“The chemicals found in permanent and semi-permanent hair dyes are not highly toxic, and it is also important to keep in mind that only a small amount is absorbed by the skin,” Bolles Holder explains.

MYTH: Exercising while pregnant can hurt the baby

“Quite the contrary,” Bolles Holder says. “Exercise in pregnancy is actually good and important for the health and well-being of both mom and baby.”

Shope recommends pregnant women get between 20 to 30 minutes of moderate-intensity exercise four or five times a week.

That said, it’s important to avoid high-impact sports or activities in which you may fall, like skiing, horseback riding and bouldering. Also keep in mind that as your bump grows, you may find yourself becoming more accident prone as your center of balance gets thrown off-kilter.

MYTH: Morning sickness only happens in the morning

Unfortunately, the not-so-welcome nausea and vomiting that occur when you’re pregnant can happen morning, noon or night. But don’t worry — they usually fade early in the second trimester.

Why is it called morning sickness then? Well, the misleading nickname probably came about because having an empty stomach — like when you wake up in the morning — can make that nausea more pronounced.

Shope and Bolles Holder both recommend eating small, frequent meals throughout the day to keep your blood sugar levels consistent. You can also talk to your OB-GYN or midwife for other remedies you can try.

MYTH: It’s not safe to drink coffee while pregnant

Thankfully, this is another myth that has grounds for dismissal.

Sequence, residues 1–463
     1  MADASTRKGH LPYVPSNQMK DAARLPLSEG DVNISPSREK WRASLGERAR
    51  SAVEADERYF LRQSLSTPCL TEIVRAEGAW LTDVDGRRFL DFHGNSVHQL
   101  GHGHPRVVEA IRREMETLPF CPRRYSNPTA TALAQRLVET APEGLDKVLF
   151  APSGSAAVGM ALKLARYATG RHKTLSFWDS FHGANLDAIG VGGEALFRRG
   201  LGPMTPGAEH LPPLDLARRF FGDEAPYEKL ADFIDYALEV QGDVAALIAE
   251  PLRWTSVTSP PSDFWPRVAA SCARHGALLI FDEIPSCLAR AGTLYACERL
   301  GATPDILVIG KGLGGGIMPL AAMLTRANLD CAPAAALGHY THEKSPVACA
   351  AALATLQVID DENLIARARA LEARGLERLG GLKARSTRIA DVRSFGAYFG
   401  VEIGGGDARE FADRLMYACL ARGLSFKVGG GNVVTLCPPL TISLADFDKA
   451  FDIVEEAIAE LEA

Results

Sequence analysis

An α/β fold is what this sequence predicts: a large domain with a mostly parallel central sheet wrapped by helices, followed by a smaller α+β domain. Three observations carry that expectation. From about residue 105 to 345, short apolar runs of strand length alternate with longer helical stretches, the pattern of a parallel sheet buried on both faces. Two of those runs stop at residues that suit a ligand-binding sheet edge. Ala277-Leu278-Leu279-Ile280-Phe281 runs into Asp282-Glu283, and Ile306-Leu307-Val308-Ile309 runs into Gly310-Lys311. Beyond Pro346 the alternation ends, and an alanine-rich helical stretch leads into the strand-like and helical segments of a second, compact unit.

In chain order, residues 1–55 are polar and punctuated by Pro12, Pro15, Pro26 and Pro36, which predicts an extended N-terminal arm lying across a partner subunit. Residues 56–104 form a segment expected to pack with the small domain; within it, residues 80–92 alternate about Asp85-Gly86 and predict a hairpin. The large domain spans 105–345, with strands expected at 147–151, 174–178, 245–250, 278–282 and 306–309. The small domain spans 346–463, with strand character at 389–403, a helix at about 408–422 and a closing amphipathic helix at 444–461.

“You can have 200 milligrams of caffeine a day, so enjoy your coffee,” Shope says.

What does 200 milligrams of caffeine look like exactly? It’s about an 8-ounce cup of drip coffee, two shots of espresso or two cups of tea.

MYTH: Pregnant women should avoid chocolate

Although chocolate does contain caffeine in small amounts, as with coffee and other caffeinated beverages, it’s perfectly fine in moderation.

“What is important to keep in mind is that chocolate is high in calories and should be used judiciously to maintain healthy weight gain and optimal wellness for women over the course of their pregnancy,” Bolles Holder notes.

In other words, if you’re craving chocolate, go for it — just remember to enjoy it in moderation.

MYTH: One glass of wine while pregnant is OK

While it’s tempting to have just one glass of wine or a couple of sips of alcohol during your pregnancy, multiple organizations like the American College of Obstetricians and Gynecologists say that no amount of alcohol is safe when you’re expecting.

That’s because drinking alcohol while pregnant is the leading cause of birth defects, and it can also lead to miscarriage or stillbirth.

If you didn’t know you were pregnant and were still drinking up until you found out, though, don’t worry. As long as you stop consuming alcohol immediately, your baby’s risk of harm is likely low.

“When you usually find out you’re pregnant, you’re about four weeks along at that point, but you’ve only been chemically pregnant for two weeks,” Shope explains. “Often the embryo hasn’t even implanted yet. I tell patients they should let that worry go but avoid alcohol the remainder of the pregnancy.”

MYTH: Having sex during pregnancy can hurt the baby

If you’re experiencing a complication-free pregnancy, there’s no reason you should abstain from sex while you’re expecting.